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Old 10-29-2010, 07:43 PM   #21
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After living in a small motor home for a month on a recent trek, I found that it was not all that bad. Heck, it was even fun.
I recently spent six days on Amtrak... I can tell you that RVing is pure luxury compared to how bad it could be. Our "bricks & sticks" house is nice and comfortable but I don't miss it that much while "on the road." I would not willingly give that up but if disaster struck, I could and would easily move on.
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Old 10-29-2010, 07:51 PM   #22
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... Our "bricks & sticks" house is nice and comfortable but I don't miss it that much while "on the road." I would not willingly give that up but if disaster struck, I could and would easily move on.
We had the same experience.

However, we were "travelers", meaning we were exploring new places every few days and there were always new things to discover. Of course, for full-timers, the cost of gas would force them to be more of the "camper" type, to stay in a place for a bit longer. As vagabonds cannot check out books from local libraries, they will need their own copies of books to read. See how I am already planning things out? Anyway, I am keeping this to myself. Hopefully it will not come to that. No point in alarming the missus unnecessarily.
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Old 10-29-2010, 08:17 PM   #23
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I have recently decided that I am not going to worry anymore. I may not be filthy rich, but I still have more than many people. And if it gets too tough, I will just take off in my little motor home, and get myself an annual camping pass for $225 in New Mexico. Party on!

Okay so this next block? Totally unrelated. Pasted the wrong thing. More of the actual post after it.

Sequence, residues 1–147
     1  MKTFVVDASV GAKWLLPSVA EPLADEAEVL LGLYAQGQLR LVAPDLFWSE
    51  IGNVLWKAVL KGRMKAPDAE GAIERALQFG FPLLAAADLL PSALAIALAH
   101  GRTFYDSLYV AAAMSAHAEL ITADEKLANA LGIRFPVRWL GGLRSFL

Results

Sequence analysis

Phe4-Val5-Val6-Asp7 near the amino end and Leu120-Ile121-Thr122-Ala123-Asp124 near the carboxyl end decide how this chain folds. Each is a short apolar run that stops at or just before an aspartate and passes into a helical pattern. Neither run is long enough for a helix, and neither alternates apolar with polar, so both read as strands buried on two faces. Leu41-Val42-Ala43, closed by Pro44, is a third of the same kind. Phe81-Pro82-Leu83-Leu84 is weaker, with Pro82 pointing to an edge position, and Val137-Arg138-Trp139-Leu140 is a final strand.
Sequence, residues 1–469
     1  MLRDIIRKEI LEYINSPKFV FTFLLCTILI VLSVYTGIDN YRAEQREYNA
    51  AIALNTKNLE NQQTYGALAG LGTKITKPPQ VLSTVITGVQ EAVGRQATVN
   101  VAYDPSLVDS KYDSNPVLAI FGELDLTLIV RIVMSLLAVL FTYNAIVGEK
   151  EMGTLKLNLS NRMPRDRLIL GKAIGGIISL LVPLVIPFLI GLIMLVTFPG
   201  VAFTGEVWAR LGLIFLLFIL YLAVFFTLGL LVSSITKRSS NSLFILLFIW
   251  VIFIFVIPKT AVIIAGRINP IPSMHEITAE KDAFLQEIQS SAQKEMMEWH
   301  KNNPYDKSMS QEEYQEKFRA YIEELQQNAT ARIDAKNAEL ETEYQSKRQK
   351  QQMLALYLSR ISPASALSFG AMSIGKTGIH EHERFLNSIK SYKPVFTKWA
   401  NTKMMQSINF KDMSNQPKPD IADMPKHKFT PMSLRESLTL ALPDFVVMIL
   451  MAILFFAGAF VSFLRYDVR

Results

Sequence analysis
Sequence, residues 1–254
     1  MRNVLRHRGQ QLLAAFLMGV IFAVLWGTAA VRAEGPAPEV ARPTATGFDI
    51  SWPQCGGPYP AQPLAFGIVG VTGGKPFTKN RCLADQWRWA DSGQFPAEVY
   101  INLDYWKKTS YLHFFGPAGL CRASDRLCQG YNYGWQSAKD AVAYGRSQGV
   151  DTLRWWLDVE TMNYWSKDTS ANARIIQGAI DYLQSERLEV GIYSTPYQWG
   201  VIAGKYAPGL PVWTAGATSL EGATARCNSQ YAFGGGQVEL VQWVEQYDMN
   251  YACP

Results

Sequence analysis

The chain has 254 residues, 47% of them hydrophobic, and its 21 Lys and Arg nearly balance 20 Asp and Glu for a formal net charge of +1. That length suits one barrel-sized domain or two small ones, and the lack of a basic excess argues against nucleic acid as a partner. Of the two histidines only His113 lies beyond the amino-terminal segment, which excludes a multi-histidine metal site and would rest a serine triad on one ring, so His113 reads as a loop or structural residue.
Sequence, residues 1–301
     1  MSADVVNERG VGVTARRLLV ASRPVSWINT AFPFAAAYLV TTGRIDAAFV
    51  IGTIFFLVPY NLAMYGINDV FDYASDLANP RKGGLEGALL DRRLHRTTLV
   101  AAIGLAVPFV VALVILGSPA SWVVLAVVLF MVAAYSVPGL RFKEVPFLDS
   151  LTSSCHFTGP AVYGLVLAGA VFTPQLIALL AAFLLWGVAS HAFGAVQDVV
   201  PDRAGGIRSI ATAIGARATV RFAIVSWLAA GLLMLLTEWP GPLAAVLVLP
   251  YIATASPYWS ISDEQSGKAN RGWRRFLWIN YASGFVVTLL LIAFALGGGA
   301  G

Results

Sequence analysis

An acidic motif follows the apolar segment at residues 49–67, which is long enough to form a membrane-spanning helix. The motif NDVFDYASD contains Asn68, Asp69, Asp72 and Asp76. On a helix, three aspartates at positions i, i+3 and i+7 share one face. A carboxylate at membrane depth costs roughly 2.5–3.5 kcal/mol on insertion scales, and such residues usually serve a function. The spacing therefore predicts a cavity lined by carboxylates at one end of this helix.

I'm with you. I like this essay by Roger Cohen and I agree, we will manage.

http://www.nytimes.com/2010/10/05/op...ref=rogercohen
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Old 10-29-2010, 08:51 PM   #24
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As vagabonds cannot check out books from local libraries, they will need their own copies of books to read. See how I am already planning things out?
You'd be surprised about how flexible things can be at libraries.

Also - there are great used bookstores across the country (if you can find them) where you can exchange books for very cheap.

Just to help your planning along....

Audrey
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Old 10-29-2010, 11:17 PM   #25
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You'd be surprised about how flexible things can be at libraries.
Also - there are great used bookstores across the country (if you can find them) where you can exchange books for very cheap.